My first official contact with women struggling for equality was as a young reporter.
Some women had chained themselves to the front of a government building. I arrived with an open mind, but they refused to talk to me because I was “a man”. So I headed back to the news van. In those days, it was a story the Media could easily ignore. Fortunately, one of them had a change of mind and called me back. I covered the story, they got their publicity, and I began to wonder about issues of equality.
Looking back, my mother was a feminist. But she was many other things also. She was a researcher for a national women’s magazine. So when she talked of sexist behaviour, marital rape, workplace inequities, and the ordination of women, it was all too easy to label these as “yet another of mom’s passing passions” – along with participating in anti-war marches and lobbying for animal rights.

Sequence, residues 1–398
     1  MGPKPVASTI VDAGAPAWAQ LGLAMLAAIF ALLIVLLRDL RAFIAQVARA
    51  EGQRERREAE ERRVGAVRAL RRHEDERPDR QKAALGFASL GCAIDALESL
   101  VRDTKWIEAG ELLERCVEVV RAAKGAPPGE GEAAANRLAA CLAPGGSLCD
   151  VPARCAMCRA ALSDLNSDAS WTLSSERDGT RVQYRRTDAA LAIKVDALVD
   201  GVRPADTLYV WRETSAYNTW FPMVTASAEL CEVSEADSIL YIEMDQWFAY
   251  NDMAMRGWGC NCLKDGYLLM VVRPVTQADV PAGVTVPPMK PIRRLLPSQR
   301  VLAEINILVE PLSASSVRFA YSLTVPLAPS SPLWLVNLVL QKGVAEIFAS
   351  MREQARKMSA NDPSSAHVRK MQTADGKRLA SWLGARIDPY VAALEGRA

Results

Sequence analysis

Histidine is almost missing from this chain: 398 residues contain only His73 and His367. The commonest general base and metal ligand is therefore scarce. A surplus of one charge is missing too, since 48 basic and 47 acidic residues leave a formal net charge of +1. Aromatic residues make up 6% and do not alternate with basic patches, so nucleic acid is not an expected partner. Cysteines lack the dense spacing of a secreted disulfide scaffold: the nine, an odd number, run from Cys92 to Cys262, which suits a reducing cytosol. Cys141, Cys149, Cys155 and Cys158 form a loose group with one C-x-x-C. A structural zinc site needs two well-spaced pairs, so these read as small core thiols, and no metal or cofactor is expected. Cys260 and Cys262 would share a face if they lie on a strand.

I came to realise she was ahead of her time. But at the time she seemed “eccentric”. She certainly did not fit in with the Stepford Wives at the local Catholic school. In her youth she had put up her age and joined the Army, rising to be an officer at a time when women were largely invisible. She had wanted to be a spy during WW2, but failed selection because she insisted on keeping her British accent.
Her idea of a “good time” was climbing gates to attend a big dance, shooting big guns at German aircraft, and managing a live-ammunition warehouse. She also trained her “girls” in germ warfare at Porton Downs. Raised in a conservative (Irish) Catholic family, she had a lifelong love-hate relationship with the Church, which she saw as male-dominated, anti-women, oppressive, corrupt and worldly. Despite this, she was incapable if leaving it.